Ex-girlfriend's lawsuit claims Roberto Alomar has AIDS
If this is true he should
be sent to jail.
An ex-girlfriend of Roberto Alomar filed an explosive lawsuit alleging the former baseball star insisted on unprotected sex for four years despite having AIDS.
The lawsuit, filed Jan. 30 and transferred to U.S. District Court on Wednesday, contains accusations that could not be corroborated but portray Alomar as someone who demanded sex without a condom despite showing obvious signs of HIV.
If this behavior is not
a crime it should be,.
Dall said the two began dating in spring 2002 and had unprotected sex for the next four years. She said that on several occasions during that time, Alomar refused to get tested for HIV, despite severe fatigue, sores on his mouth and throat, a constant cough and an infection of the esophagus that is associated with AIDS.
She said Alomar finally relented and tested positive for HIV in February 2006.
Dall said she was angered by the disclosure and was tested herself; the result was negative. She said follow-up exams determined that Alomar had full-blown AIDS.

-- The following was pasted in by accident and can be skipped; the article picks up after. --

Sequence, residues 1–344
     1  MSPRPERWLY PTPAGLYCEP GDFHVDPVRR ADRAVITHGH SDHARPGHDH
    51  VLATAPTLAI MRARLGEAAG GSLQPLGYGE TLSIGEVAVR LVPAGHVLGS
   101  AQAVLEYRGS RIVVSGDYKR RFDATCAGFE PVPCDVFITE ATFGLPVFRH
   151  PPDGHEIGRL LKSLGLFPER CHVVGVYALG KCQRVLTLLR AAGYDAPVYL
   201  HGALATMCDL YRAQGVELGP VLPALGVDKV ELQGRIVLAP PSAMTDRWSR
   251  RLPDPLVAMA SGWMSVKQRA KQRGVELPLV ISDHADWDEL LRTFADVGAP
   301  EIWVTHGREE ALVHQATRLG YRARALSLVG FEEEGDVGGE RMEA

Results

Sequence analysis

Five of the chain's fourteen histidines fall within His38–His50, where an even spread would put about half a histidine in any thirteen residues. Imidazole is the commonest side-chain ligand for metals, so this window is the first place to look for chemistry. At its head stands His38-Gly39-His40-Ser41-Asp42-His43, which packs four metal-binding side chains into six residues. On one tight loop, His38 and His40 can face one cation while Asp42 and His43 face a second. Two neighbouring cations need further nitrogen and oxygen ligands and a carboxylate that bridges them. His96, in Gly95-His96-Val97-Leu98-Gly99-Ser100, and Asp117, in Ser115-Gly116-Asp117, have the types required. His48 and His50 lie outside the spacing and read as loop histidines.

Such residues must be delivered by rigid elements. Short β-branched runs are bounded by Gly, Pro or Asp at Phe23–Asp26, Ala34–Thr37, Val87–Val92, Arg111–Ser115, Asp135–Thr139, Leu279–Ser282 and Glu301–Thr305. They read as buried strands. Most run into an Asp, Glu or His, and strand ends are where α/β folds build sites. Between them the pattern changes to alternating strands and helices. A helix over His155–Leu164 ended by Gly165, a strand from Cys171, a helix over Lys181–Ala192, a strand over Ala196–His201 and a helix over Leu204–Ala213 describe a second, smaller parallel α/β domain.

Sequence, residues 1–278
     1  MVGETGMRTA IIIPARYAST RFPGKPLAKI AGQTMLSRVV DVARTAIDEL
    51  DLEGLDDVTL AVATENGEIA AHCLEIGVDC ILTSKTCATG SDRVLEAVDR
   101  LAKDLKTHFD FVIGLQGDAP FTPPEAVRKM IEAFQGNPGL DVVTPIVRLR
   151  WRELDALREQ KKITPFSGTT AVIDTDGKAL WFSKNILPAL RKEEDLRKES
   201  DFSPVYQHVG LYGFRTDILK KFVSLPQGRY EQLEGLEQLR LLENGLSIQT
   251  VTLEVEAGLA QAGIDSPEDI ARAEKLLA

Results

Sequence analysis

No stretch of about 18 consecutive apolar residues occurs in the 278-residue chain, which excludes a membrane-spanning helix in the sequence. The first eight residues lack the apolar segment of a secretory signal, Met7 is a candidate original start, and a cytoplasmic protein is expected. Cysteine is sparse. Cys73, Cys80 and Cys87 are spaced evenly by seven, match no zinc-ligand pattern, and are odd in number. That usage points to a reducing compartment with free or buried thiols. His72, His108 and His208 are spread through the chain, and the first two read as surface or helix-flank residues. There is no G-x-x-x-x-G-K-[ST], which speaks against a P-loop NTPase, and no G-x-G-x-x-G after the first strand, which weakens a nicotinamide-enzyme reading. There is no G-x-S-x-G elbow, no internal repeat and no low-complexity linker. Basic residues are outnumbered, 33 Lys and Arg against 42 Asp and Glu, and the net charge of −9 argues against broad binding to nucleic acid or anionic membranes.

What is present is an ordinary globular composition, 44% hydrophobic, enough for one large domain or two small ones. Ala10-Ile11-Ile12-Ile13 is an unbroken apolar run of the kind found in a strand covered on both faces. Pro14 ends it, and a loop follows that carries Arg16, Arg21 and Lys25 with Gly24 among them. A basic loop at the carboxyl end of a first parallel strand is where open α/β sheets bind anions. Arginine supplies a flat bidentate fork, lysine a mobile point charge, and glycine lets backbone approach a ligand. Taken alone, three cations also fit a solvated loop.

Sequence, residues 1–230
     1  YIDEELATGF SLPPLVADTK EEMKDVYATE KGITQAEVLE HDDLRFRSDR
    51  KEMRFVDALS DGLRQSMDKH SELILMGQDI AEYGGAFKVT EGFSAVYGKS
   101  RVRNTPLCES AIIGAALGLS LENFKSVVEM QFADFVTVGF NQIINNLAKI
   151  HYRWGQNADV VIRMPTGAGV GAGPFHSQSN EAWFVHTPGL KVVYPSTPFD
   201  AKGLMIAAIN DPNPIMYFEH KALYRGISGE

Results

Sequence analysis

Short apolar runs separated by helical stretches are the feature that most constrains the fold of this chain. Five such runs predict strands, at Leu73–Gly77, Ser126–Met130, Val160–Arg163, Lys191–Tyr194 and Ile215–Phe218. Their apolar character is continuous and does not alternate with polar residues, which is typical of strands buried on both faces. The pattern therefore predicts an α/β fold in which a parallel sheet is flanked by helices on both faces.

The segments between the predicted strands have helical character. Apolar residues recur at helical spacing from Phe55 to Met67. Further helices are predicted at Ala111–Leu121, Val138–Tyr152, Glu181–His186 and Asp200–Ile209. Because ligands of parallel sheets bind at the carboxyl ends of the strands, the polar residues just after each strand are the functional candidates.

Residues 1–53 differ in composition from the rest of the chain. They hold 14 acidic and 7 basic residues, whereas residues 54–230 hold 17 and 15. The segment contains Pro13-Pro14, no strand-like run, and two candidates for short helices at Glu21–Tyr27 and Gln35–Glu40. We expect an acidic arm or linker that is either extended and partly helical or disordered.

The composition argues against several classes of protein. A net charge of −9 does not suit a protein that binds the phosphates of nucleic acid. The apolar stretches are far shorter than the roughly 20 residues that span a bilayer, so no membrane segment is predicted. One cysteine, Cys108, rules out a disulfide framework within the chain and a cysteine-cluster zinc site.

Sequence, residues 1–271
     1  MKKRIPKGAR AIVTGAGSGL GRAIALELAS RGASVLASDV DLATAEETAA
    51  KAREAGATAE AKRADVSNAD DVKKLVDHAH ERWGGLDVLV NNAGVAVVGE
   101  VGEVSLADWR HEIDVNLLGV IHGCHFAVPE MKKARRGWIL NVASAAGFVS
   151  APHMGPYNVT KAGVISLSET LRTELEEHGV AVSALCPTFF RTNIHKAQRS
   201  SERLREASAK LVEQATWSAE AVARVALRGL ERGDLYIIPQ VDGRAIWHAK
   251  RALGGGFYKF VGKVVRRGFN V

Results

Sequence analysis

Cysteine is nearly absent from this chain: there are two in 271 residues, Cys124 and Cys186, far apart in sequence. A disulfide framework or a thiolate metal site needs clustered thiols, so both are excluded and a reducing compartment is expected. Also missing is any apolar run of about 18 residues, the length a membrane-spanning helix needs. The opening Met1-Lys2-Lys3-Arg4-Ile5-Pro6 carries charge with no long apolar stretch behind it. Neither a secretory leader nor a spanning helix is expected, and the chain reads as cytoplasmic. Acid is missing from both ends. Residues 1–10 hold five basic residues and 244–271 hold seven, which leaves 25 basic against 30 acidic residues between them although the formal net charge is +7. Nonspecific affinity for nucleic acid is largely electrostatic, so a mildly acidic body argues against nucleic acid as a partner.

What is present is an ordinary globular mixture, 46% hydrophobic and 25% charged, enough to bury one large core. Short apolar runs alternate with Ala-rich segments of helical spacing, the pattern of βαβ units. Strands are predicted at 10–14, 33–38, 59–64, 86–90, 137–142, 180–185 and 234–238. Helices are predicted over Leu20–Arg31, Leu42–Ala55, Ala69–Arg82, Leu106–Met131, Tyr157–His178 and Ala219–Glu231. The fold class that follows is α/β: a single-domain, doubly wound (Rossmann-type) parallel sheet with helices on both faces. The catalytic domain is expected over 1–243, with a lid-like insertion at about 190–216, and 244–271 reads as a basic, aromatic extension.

As the case develops, it could highlight the issue of H.I.V. testing in baseball, which is sometimes a part of the annual physicals that all players undergo. According to the suit, the first suggestion of H.I.V. came in 2005. The suit contended that, in 2006, Alomar was found to have full-blown AIDS.
H.I.V. testing has been a part of any insured contract in baseball for at least a decade. It is unclear whether Alomar’s contracts were insured.
The suit claims that Alomar, 41, knew or should have known that he was H.I.V. positive and accused him of “gross and wanton negligence” for repeatedly refusing to undergo testing, even as Dall said he developed several symptoms linked to H.I.V. and AIDS.
“We believe this is a totally frivolous lawsuit,” Alomar’s lawyer, Luke Pittoni, said in a telephone interview. “These allegations are baseless. He’s healthy and would like to keep his health status private.”
Pittoni declined to add or clarify any details, and Alomar could not be reached for comment. Calls to Dall’s cellphone and to her lawyer, Anthony Piancentini, were not returned.